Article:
writes, "he harms the whole state by billeting his army in different parts of
the country, everyone suffers from this annoyance, and everybody is turned into
an enemy." On the contrast if a prince allows the people to keep their customs

Machiavelli states that the people will remain content when he writes, "For
the rest, so long as their old ways of life are undisturbed and there is no
divergence in customs, men live quietly." Another natural tendency of people
comes with freedom. Once they have had a taste of freedom, they virtually cannot
live without it. This feeling of control over oneís life is a quality that
once molded is nearly impossible to reshape. Machiavelli asserts this idea when
he writes, "a city used to freedom can be more easily ruled through its own
citizens...than in any other way." The same tendency lies in the control that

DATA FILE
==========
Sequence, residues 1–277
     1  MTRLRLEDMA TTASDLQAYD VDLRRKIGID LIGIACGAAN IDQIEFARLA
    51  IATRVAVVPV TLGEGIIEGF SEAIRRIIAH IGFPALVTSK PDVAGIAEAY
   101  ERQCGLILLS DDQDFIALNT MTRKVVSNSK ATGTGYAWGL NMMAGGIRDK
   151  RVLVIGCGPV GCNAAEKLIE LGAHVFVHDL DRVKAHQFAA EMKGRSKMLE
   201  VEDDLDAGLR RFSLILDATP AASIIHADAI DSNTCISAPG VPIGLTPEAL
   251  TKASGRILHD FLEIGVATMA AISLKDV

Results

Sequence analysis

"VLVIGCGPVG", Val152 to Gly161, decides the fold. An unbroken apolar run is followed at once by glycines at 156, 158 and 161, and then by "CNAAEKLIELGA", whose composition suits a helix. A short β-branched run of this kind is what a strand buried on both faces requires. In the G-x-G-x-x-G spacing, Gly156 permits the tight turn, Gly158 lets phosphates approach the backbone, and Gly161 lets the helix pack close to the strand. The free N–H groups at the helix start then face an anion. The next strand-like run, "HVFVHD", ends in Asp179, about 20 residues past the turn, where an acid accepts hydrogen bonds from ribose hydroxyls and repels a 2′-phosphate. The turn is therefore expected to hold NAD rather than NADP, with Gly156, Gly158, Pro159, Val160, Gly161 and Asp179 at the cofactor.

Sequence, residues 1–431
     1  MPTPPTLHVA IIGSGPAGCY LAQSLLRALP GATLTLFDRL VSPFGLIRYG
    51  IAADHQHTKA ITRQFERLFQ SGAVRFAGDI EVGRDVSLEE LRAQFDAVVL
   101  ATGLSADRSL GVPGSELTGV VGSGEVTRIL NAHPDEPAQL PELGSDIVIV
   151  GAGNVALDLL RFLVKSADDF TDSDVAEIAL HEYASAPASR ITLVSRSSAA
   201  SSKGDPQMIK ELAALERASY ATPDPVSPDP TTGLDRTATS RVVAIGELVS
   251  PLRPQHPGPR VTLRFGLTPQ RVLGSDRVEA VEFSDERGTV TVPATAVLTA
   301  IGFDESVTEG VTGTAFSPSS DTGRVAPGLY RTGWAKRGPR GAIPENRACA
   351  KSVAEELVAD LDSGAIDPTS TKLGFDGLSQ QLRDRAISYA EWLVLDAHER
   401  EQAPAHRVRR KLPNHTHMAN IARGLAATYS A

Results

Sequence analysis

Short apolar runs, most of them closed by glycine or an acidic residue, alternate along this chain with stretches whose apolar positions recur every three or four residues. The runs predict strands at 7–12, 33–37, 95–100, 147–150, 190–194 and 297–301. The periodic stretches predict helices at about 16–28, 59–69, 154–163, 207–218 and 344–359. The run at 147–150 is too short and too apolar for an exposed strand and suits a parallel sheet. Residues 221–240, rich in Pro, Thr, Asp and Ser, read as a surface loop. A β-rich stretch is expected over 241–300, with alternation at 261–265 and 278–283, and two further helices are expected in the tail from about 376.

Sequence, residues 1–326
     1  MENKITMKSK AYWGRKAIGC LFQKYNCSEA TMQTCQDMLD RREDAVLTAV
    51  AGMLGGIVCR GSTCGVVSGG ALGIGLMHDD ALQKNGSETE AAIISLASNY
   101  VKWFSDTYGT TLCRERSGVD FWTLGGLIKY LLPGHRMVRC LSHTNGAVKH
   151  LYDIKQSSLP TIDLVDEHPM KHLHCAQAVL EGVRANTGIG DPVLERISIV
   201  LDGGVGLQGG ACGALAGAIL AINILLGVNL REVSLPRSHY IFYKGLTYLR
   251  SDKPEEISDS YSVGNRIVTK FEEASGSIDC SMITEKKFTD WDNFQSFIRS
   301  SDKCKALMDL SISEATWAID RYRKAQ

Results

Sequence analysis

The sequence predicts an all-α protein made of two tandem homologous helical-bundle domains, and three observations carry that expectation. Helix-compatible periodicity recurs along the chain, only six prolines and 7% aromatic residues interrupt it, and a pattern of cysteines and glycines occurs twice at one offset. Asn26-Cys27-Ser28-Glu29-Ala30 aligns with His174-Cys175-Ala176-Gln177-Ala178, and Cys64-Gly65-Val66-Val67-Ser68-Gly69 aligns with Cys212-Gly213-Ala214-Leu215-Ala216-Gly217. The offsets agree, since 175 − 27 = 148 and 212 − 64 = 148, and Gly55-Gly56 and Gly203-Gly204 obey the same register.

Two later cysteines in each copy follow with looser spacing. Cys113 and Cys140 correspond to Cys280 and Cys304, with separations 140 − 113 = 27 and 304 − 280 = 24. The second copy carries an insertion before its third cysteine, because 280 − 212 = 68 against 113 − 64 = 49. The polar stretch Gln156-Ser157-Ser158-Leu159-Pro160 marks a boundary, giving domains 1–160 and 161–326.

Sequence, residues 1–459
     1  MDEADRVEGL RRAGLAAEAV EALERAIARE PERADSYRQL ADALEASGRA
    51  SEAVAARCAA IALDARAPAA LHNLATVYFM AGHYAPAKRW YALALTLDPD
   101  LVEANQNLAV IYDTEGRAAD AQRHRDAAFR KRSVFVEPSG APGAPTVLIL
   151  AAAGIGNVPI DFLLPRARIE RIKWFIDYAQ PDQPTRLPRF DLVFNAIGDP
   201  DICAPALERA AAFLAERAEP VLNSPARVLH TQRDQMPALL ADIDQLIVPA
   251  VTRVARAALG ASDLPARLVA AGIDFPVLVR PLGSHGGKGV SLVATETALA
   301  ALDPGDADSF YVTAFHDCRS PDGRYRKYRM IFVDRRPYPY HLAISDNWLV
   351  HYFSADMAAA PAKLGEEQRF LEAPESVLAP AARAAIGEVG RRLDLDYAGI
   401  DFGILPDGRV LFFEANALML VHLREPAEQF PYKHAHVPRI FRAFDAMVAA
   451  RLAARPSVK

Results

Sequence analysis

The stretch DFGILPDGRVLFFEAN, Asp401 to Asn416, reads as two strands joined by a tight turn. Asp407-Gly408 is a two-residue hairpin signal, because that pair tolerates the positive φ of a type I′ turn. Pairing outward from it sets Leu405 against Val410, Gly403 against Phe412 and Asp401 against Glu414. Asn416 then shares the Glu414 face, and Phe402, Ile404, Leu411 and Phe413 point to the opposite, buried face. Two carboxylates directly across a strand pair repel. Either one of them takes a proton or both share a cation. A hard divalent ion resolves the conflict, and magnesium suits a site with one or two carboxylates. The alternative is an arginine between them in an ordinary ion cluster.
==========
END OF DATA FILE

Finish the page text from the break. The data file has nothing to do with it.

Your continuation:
the prince gains over the people in the principality. Once the prince has
control he finds that giving up control to be extremely difficult. That is why
ideally a prince would posses a number of qualities to find success as a leader.

Only through an understanding of the nature of his subjects, having an ability
to control his subjects, and possessing the means to defend his subjects can"the prince" truly find the universal key to open the door to upholding the
ideals of practical leadership. When a prince understands the nature of the